I wonder how soon young Max and Freya can take a gap year? I suppose a year off school travelling the world independently with the au pair is out of the question (for them) before they progresses up to the pre-prep from nursery? I would love to take a gap year myself...parenting is simply exhausting work!
Every mummy in Gambado seemed to be wafting about in those smocky mini dress type affairs, combined with leggings, functional shoes and enormous plastic jewellery - thus ensuring that they looked like the cast from "The last of the summer wine". It really is not a good look. Perhaps on skinny girls under twenty, but never on portly post partum women in their mid to late thirties!
My big boy Max was soon careering about in the bumper cars with his (for once) complaint, waving and delighted baby sister by his side, when that energising track by Good Charlotte - “Girls don’t like boys, Girls like cars and money” was played on the sound system. Sometimes the lyrics of a song can be so profound and really strike a cord - don't you find?
I smiled to myself admiring my sons super advanced driving skills. It will not be long before we can buy the darling a Mini Cooper. He will be such a hit with the girls - I shall see to that!
Monday, 9 April 2007
Easter Sunday proved to be the exact disaster I had anticipated, although at least I could drink alcohol to numb my senses and help me through the day. Hurrah, at last my Lenten fast was over and I could also eat chocolate! Calm has returned once more to Alleyn Road.
James was out working all day, but I had been aware that he would be unavoidably absent for the last two weeks. No, the big stress of the day was the fact that my mother was spending Easter Sunday at our home, as usual...
My three older sisters are all abroad and unmarried, all three free from obligations with regard to children and (as far as they are concerned) family. Our sweet mother spent the entire day either reminiscing about the tragic death of my darling father thirty years ago, or being nasty to me because she feels neglected by her ungrateful offspring. I am her captive audience - her abused youngest stay at home child (although not 'stay at home' in the family home - clearly).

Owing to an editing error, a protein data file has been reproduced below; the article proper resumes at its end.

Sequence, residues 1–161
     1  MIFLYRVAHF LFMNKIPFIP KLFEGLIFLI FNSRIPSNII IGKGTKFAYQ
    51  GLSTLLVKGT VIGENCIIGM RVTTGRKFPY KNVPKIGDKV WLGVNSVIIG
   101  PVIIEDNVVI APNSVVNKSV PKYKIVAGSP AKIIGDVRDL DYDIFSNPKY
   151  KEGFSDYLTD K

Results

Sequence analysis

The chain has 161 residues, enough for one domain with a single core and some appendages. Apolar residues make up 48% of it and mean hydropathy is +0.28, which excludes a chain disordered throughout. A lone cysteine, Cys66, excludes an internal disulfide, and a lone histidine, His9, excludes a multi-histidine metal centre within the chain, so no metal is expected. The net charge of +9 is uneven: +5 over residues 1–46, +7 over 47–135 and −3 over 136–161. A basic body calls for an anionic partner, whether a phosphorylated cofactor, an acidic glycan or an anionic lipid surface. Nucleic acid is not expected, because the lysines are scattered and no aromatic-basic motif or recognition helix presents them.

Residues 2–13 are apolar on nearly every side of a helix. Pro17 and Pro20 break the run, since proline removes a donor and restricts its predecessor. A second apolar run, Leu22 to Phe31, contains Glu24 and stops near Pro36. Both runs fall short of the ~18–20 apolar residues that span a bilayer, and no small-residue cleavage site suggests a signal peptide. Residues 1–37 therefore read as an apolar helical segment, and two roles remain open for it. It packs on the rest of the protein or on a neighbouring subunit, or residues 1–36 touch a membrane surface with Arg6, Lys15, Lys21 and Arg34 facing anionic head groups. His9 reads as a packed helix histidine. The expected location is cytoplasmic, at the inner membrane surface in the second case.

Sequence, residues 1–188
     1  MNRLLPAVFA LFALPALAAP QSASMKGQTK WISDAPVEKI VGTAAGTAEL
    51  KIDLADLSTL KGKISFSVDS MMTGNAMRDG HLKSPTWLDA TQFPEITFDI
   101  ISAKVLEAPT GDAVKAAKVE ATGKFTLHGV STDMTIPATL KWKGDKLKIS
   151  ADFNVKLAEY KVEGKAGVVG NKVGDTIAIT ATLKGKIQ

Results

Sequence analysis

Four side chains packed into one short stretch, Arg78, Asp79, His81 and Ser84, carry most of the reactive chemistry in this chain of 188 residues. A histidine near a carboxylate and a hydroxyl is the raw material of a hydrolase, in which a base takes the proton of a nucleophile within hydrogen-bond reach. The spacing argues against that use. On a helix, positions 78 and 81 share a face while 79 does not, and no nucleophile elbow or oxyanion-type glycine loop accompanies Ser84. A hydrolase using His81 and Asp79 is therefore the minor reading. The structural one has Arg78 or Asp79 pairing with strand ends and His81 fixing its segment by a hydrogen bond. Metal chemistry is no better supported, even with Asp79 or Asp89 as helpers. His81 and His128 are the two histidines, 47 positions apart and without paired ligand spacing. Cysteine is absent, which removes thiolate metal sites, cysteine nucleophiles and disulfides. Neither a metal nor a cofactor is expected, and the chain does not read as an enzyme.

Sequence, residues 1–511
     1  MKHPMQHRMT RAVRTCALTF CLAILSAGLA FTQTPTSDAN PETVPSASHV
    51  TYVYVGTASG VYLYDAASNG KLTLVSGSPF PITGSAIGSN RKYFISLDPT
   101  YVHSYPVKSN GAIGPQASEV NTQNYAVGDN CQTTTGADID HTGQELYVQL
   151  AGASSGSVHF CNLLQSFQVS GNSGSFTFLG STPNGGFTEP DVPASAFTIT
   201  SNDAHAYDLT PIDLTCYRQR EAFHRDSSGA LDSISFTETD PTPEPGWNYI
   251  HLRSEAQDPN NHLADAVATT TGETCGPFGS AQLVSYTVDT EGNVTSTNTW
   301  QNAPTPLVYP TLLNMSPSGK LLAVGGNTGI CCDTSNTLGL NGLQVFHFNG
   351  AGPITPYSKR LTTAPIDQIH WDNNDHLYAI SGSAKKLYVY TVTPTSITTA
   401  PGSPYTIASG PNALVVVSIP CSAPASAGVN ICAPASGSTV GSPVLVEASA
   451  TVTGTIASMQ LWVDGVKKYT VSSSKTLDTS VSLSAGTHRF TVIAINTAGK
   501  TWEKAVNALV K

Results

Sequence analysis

My oldest sister Veronica is almost 48, and lives - well she lives all over the planet actually. She was a model and 'parts of her' were stunningly pretty when she was younger. She was 'the hands' of a major brand of nail polish for an age. Veronica is the picture of my mother, and can do no wrong as far as she is concerned. Veronica spent Easter at a spa in Antigua is a very clever lady and invested wisely in property when she was younger. Veronica didn't even bother to telephone to say hello - poor Mother.
Michelle is my next sister 46, and she works in IT and has a super hi-powered job for an enormous multi-national firm based outside Dublin in Ireland. She too was working all over the Easter holiday, and omitted to telephone our mother.
"Too bloomin important for her own good", according to Mother. "She never prioritised having children into her grand plan - so who will look after her now when she grows old, who will visit Michelle?"
Then my super sister Lisa, she is 41 and a dynamic foreign correspondent and journalist currently working in Iraq. Mother is worried sick about Lisa, and spent most of yesterday wearing the head phones from the "Skype" type thingumabob that James set up for her before he left for work this morning. We were hoping that Lisa would try to contact mum via the Internet as she had promised.
Before journalism, Lisa spent almost a decade living in a tipee commune type of arrangement in Wales. My mother despised this lifestyle choice back then, but on reflection, would prefer it to Lisa's current dynamic and dangerous incarnation. My three older sisters have always been terrified of falling in love, reluctant to comit, cautious of having their hearts broken.
I can understand why mum is upset, but I am always here, I don't let her down, yet I am the one who suffers the brunt of her anger and frustration. I am afterall, the only one of her daughters around to take it, and incidentally the only one who looks like my father!
I knew the afternoon was tipping into a downward spiral, when I noticed my mother in the kitchen with a bottle of James' cherished wine which she had pilfered from the cellar.
"Don't worry," she chirped, "it is just white Hungarian rubbish, James won't mind. Why can't he just get a bottle of chardonnay, and keep it for me at the back of the fridge?"
Did I tell her how expensive and worshiped this particular wine was? Insist it was returned to the cellar, and pop over to Tesco Metro to buy some plonk for her and end up suffering her scorn for the rest of the afternoon? No, I chose to suffer James' scorn instead. James is far more forgiving than my mother.
She poured a large amount into a tumbler, drowned it in 7up, and topped it off with ground ice from the dispenser on our brushed steel Miele American Fridge.
"Marriages come and go in this day and age" she often re-assures me, "but your mother will always be your mother - even if your husband runs off or dies or something"...
I suppose I could have offered her a Riedel glass to drink it from?
What's the point?
Sunday, 8 April 2007
I went shopping around Lordship Lane yesterday afternoon, and came away rather puzzled and perplexed...